Unless you’re a goblin living deep under the Misty Mountains of Middle Earth you’ve probably heard that JRR Tolkien’s The Hobbit has been in the process of receiving a grand Hollywood adaptation. You’ve also heard that Peter Jackson (LORD OF THE RINGS Trilogy) and crew –and some cast– have also reembarked on the perilous journey to catch lightning in a bottle for the second time. Back in December Warner Bros. released a first Hobbit trailer that had Middle Earth geeks jonesing for more (there will be dwarf singing!) Side note: If you do want more of that Middle Earth good stuff Jackson has been a benevolent dealer in distributing eight fantastic video diaries of the various levels of production).

This week the much anticipated (nine months to be approximate) second trailer hit the internet community. Let’s see what it does to our anticipation.


Ah, the obligatory second trailer where the plot of the movie is exposed. For those of you who never read the book (I read it earlier this year for the first time in anticipation for the film and found it to be a pleasant and clever little book –I recommend) the plot is as follows: Bilbo is a simple man leading a simple life in a simple Hobbit village. Gandalf comes to The Shire with 14 dwarves who are on a mission to steal a whole bunch of gold from a nasty dragon that they believe is rightfully theirs since it once belonged to one of their ancestors. Bilbo is coaxed into joining the mission. Or something like that. Getting there, of course, is treacherous and even if they do arrive in one piece what will they do with the dragon? If you’ve seen or read The Lord of the Ring books/movies you know what sort of story to expect. For better or for worse.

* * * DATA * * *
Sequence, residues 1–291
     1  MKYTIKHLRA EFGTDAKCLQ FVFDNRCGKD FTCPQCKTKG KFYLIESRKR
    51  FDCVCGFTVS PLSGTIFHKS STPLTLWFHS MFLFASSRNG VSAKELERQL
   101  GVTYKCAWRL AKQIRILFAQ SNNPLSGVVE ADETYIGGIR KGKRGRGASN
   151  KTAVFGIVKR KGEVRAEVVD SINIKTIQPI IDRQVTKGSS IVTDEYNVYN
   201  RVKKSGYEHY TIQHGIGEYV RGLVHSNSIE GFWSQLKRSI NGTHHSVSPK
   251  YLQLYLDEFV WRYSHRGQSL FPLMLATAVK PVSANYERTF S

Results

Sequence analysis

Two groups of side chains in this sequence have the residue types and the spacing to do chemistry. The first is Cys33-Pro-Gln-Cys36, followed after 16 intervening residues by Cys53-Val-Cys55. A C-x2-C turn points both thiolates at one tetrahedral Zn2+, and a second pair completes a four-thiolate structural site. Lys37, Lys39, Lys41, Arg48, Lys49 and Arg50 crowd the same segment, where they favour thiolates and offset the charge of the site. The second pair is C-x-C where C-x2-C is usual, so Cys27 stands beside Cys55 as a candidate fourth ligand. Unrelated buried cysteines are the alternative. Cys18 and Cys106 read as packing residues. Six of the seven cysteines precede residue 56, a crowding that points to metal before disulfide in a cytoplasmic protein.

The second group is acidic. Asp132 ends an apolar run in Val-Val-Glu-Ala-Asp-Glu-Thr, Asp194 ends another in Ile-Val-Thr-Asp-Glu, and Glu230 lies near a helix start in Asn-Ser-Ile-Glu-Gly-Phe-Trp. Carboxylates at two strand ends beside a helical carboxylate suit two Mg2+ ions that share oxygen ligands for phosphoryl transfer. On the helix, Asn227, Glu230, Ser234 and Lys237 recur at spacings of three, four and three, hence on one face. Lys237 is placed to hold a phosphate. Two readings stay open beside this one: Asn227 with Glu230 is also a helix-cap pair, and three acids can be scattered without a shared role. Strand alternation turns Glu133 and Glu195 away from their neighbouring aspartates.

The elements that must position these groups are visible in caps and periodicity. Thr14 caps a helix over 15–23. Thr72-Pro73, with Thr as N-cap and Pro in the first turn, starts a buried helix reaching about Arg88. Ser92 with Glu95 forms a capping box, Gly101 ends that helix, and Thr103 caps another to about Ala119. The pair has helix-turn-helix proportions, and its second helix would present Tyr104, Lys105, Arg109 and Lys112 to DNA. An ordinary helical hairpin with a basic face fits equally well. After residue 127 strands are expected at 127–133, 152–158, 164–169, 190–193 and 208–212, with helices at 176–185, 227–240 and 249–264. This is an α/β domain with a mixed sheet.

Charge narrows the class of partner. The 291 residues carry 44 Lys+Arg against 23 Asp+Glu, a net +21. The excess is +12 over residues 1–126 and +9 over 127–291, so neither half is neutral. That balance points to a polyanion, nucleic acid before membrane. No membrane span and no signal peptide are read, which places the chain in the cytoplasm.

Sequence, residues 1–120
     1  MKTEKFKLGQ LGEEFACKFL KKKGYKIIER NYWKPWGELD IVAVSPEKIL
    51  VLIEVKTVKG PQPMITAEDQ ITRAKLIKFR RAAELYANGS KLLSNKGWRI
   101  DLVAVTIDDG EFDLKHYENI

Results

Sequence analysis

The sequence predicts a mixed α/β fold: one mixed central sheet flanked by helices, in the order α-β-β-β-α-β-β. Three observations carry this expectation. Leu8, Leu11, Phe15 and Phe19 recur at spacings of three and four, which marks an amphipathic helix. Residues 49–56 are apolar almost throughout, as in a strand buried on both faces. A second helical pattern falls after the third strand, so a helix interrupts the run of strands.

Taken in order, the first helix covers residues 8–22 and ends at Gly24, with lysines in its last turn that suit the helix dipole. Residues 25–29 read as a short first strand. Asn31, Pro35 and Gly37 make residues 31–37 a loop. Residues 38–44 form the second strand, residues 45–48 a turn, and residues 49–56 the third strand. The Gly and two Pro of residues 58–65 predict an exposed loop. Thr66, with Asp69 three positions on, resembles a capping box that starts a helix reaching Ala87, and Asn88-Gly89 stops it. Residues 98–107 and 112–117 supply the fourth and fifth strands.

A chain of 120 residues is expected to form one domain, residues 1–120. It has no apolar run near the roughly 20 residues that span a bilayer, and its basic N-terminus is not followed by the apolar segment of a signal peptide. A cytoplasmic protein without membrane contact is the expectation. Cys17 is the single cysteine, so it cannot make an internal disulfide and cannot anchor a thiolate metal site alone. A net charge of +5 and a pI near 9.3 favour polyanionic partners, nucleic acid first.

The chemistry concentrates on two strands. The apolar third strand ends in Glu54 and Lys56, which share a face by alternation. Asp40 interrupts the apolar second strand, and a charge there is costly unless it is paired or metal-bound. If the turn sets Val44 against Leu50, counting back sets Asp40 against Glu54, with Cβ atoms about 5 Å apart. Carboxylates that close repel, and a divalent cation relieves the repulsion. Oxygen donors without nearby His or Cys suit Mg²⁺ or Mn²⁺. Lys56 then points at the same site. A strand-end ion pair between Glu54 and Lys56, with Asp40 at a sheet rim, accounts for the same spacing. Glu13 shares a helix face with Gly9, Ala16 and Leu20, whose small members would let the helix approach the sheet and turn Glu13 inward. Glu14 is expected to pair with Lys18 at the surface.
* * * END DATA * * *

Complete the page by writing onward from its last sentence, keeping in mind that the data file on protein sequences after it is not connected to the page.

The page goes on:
I will say this about the second trailer: The movie looks beautiful. I’m hoping that the decision to shoot digital and in 48 fps adds to the cinematic experience and that the negative press of early sneak peeks are knee-jerk reactions to new technology. Jackson, like James Cameron (AVATAR, TITANIC), is known in the movie industry for pushing technological boundaries and when both of them claim 48 fps as the future of cinema one can’t thumb his nose. All that is to say, I hope we get a compelling narrative and memorable characters that have time to forge an identity (there are so many characters to keep track of in the book). Also I’m curious as to how the book will be stretched into three movies. LOTR was three movies but there were also three books. The Hobbit is around a 200 page children’s book. Jackson stated that they took from appendices and other short stories and even made some stuff up for the movie so as excited as I am, I’m also a bit weary.

Here’s hoping that Jackson and crew survive this epic journey. Part 1 of 3, The Hobbit: An Unexpected Journey opens wide in US theaters December 14th, 2012.